WGBH helps digitize history
It's easy to find the first season of "New Girl" on the Web, but what about something more substantial from television's archives? Maybe a vintage interview with Thurgood Marshall? Perhaps rarely seen footage of John F. Kennedy on the campaign trail?
Even Netflix isn't going to be much help there.
But WGBH and the Library of Congress are collaborating on an ambitious project to build the first comprehensive digital archive of content from the nation's public broadcasters and will eventually make it available to the public over the Internet.
WGBH and the Library of Congress will jointly establish a permanent home for the archives with the help of a $1 million grant from the Corporation for Public Broadcasting that was announced Thursday.
The collection will include key moments in American history, such as coverage of the 1963 March on Washington, one of Olympian Jesse Owens's last interviews, and early reports on the US space program. The archives will also memorialize events captured by local public broadcasters in their communities, such as the WGBH radio broadcast in 1963 from Boston Symphony Hall, when BSO conductor Erich Leinsdorf told the audience that JFK had been assassinated.
The American Archive of Public Broadcasting will include 2.5 million pieces of content from more than 100 national and local broadcasts — some 40,000 hours of which will be digitized over the next two years. Much of the content will be entire shows, such as "Mister Rogers' Neighborhood" and Julia Childs's "The French Chef," but the archive will also feature raw footage, unedited interviews, speeches, and live music.
For instance, WGBH is making available footage it shot of a rally in Cambridge in 1991 where Barack Obama spoke while he was a student at Harvard Law School. The Obama footage was not included in the original broadcast on the station's "Ten O'Clock News" show.
"It's our cultural history. It's the history of our country. It's the history of our local communities. It's the history of national content," said Karen Cariani, director of WGBH Media Library and Archives.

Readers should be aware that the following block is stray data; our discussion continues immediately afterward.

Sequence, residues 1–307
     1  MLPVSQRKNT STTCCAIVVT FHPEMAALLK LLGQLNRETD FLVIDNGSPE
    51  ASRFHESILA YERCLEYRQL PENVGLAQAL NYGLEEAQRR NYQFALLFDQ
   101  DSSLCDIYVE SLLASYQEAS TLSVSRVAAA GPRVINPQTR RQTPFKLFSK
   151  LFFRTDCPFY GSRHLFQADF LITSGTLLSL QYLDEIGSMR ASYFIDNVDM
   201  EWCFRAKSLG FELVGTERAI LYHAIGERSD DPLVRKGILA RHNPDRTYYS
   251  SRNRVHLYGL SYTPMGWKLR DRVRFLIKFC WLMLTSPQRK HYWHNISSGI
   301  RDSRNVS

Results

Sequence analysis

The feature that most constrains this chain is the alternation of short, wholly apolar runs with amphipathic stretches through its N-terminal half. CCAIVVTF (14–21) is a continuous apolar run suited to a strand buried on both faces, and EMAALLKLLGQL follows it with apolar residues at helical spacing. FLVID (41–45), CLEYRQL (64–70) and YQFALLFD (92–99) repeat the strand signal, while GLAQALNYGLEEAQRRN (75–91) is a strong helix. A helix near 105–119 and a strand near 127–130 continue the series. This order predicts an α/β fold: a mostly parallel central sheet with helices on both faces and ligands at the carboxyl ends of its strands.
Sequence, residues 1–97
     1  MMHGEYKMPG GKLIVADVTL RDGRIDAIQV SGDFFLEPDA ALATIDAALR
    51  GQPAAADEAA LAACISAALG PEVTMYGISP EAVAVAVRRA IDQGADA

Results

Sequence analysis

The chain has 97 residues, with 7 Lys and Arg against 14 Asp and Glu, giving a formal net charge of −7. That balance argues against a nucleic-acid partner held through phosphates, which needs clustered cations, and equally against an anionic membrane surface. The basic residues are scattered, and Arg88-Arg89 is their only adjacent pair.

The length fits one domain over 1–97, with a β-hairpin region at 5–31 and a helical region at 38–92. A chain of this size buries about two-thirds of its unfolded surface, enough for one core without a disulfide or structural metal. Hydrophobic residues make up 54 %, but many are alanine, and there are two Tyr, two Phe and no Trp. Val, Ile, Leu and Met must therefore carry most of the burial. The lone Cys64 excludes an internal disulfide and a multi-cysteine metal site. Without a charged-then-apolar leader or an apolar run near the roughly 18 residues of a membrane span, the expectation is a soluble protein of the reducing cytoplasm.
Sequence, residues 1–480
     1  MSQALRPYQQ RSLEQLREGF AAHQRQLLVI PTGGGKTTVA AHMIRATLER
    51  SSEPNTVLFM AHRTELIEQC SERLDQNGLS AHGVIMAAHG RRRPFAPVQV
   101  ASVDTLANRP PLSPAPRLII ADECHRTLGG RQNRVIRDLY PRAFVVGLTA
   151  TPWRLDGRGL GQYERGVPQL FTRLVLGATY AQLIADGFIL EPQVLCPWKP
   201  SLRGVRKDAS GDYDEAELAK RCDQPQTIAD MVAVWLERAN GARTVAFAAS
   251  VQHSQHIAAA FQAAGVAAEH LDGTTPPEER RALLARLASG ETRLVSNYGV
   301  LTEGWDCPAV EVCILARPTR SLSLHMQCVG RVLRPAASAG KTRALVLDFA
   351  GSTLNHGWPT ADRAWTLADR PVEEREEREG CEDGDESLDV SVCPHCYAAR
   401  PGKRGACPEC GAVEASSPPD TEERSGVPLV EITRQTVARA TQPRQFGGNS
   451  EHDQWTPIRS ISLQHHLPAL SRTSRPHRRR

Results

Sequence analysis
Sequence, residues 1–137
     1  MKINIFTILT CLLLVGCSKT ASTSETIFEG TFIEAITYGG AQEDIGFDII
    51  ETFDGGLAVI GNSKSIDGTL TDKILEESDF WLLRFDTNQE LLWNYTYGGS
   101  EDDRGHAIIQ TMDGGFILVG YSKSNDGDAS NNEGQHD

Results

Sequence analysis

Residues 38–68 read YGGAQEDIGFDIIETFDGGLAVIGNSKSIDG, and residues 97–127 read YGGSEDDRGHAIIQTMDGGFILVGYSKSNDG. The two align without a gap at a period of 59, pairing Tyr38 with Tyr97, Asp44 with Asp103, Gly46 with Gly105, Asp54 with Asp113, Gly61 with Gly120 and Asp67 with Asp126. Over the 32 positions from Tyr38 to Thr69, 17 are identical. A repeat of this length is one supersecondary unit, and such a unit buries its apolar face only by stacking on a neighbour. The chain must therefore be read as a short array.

WGBH already has its own online digital archive, and the Library of Congress maintains the country's biggest collection of historical public broadcasting content. But the American Archive project began in 2007 to create a coordinated nationwide effort to collect, store, and make publicly available content from public stations.
The effort is also about preserving radio broadcasts, television shows, and key interviews that date back to the 1950s that may otherwise be lost to age and decaying film stocks. Much of the content for the archive has been culled from the basements, corners, and closets of large and small stations alike, and so far about one-third of the material has been digitized.
"It's in danger. It's at risk," said Alan Gevinson, the Library of Congress curator of the American Archive of Public Broadcasting. "We've got to make sure we preserve this kind of material before it deteriorates."
The Corporation for Public Broadcasting has so far contributed about $9.5 million over the past six years toward the project. Most of that money has gone to local stations so they can inventory, categorize, and digitize content.
With the latest $1 million grant, the Library of Congress and WGBH will build a database to house those digital files and create an online platform for the public to access them. WGBH will head up efforts to create and maintain the website for the archive. It was one of the first public broadcasting stations to create a digital archive and searchable website, Open Vault, for its own content.
It could take several years for the archive to be fully available to the public. One of the next steps will include working out various rights issues so that once the content is digitized it can be rebroadcast on the Web.